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It’s impossible to pinpoint one exact moment in history because translation is nearly as old as language and has been happening for thousands of years. Given the antiquity of its origins, we can’t know what’s been lost to time. Thus, we’re dependent on the existing examples of early translation to demonstrate the latest possible beginning of translation.
The Epic of Gilgamesh is a poem from Ancient Mesopotamia. It is the oldest literary text in existence to date, and second oldest religious text after the Pyramid Texts.
A collection of five poems about Gilgamesh, King of Uruk during the third dynasty of Ur (c.2100 BC), were written in Sumerian. They then became the basis for the Epic, which was a single document founded on the poems and translated into Akkadian on clay tablets.
There are two versions of the Epic of Gilgamesh – the Old Babylonian from the 18c BC and the Standard Babylonian from 13c-10c BC.
The first Arabic translation directly from the original tablets was published in the 1960s by Iraqi linguist, Taha Baqir. The definitive modern English translation is a work by Andrew George, published by OUP in 2003.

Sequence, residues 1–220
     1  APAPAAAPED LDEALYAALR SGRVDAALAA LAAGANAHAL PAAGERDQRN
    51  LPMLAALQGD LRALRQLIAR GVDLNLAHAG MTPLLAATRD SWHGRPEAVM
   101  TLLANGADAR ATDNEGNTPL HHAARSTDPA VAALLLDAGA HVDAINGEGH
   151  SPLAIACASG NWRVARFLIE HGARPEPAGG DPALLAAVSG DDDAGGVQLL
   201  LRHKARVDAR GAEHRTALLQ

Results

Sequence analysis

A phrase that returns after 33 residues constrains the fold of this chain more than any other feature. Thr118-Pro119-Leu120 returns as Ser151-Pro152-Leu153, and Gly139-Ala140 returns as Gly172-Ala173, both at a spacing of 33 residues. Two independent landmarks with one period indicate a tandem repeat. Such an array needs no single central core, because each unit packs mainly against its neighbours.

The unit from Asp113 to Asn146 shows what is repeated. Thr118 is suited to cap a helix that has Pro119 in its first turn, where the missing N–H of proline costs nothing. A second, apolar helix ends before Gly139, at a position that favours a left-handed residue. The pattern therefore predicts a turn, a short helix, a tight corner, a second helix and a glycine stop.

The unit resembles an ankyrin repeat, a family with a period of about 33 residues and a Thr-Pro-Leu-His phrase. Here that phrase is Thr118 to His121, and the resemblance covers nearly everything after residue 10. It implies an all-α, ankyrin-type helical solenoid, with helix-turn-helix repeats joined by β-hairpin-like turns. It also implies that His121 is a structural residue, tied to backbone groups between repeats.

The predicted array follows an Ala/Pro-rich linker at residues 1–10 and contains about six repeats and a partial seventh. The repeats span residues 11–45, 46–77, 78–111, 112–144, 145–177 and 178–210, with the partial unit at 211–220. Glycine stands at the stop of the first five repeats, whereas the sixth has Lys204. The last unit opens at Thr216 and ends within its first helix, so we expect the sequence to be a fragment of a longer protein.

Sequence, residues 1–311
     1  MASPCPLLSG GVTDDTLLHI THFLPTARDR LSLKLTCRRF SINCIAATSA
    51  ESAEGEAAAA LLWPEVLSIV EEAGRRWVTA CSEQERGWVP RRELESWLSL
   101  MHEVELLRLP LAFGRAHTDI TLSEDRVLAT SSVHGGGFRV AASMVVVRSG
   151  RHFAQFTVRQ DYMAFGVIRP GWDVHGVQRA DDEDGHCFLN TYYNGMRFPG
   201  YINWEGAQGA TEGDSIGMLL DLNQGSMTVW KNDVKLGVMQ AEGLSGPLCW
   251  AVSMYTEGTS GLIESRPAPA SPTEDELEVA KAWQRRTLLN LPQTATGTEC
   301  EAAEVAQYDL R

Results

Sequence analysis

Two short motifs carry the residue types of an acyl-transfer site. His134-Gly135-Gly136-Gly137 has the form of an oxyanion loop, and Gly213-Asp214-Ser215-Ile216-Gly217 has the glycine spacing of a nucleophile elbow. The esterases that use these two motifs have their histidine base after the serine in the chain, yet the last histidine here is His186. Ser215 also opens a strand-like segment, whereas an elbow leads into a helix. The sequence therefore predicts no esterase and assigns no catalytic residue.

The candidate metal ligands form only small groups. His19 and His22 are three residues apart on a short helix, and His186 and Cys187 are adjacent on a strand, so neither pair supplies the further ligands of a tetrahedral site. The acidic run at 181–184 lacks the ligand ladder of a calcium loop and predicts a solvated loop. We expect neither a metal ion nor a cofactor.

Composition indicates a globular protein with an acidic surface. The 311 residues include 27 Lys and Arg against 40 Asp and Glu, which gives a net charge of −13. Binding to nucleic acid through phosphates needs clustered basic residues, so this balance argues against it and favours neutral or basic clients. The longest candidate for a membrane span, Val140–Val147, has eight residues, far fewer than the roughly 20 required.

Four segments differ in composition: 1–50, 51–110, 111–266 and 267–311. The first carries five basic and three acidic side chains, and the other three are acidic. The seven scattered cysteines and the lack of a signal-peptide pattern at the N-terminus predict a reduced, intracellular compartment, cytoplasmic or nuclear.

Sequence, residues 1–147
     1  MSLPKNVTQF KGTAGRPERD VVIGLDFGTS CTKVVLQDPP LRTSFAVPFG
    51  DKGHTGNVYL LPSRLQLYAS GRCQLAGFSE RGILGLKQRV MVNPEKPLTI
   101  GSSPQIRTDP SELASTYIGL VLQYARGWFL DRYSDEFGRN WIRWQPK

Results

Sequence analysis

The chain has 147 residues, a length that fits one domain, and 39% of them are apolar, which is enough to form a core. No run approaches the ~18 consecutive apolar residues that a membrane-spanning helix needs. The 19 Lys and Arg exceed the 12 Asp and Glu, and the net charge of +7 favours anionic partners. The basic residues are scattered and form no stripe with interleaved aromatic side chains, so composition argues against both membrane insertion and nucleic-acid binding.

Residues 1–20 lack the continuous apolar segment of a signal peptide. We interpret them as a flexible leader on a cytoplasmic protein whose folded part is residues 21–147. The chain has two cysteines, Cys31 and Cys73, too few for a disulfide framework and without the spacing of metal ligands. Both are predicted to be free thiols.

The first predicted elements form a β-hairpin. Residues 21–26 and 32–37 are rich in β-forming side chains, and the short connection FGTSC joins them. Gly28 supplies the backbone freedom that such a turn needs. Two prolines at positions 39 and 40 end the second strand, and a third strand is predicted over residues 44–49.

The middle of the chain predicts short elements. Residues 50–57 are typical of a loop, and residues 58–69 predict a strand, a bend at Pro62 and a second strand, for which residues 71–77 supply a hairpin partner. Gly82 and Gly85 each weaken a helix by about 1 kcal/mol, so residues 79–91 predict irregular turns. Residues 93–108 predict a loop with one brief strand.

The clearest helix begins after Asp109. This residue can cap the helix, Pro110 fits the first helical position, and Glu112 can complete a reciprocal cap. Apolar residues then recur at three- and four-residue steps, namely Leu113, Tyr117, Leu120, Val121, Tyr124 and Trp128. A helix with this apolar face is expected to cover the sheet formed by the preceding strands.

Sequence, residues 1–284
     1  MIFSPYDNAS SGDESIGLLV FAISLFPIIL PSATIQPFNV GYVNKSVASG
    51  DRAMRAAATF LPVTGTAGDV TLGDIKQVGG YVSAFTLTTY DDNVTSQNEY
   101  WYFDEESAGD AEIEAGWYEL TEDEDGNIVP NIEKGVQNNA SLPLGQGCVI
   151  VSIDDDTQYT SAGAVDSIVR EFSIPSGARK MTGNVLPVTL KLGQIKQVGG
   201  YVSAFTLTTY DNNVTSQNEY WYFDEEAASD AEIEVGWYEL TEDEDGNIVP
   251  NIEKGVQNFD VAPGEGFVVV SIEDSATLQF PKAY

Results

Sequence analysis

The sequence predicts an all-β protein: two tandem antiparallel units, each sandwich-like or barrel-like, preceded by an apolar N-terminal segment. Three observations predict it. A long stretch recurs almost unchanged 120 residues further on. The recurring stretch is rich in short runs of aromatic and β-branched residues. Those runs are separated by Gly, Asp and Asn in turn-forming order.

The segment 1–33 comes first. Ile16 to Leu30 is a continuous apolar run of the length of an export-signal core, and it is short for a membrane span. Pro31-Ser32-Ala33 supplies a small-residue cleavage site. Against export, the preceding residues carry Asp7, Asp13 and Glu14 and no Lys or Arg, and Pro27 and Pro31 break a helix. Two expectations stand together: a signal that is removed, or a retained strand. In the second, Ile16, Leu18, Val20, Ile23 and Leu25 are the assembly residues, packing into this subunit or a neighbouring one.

The Rosetta Stone is a stele – a tall ancient stone or slab erected as a monument, decorated with figures or inscriptions. It bears the same decree written in three different languages: Ancient Egyptian Hieroglyphics at the top, Ancient Egyptian Demotic script in the middle and Ancient Greek at the bottom.
It depicts the decree, issued by a collection of priests gathered at Memphis in March 196 BC, which establishes the divine cult of the ‘new’ ruler, King Ptolemy V Epiphanes.
From what we understand, the stone was moved a few times. Eventually, it ended up as a building material used in Fort Julien some time between its construction in 1470 and its fortification in 1516. When Napoleon’s army occupied the fort in 1799 as part of their campaign in Egypt and Syria, Lieutenant Pierre-François Bouchard discovered the Rosetta stone. Unsurprisingly, the British took the stone and it’s been in the British Museum since.
Although it’s no longer unique, the Rosetta Stone made an invaluable contribution to understanding and translating Ancient Egyptian. It was the first and most significant of its kind. It’s also remarkable for its secular nature, and as representation of the importance of translation in Ancient Egypt.
Also known as the Egyptian-Hittite Peace Treaty, this is the only Ancient Near East treaty with both sides surviving.
The two-century long war raging between the Egyptians and the Hittites came to a crux at the Battle of Kadesh in 1274 BC, where both sides suffered badly and lost many lives. The Treaty of Kadesh, named for the fruitless battle, didn’t solve the existing animosity, but did conclude the active opposition and it’s the earliest documented peace treaty in existence today.
Buddhist monks played a significant role in translation, both as scholars and in a religious capacity. Records show the monks translating from various languages into Chinese (among others), and as a result, this wave of accessible content was central to the spread of Buddhism across Asia in the first millennium.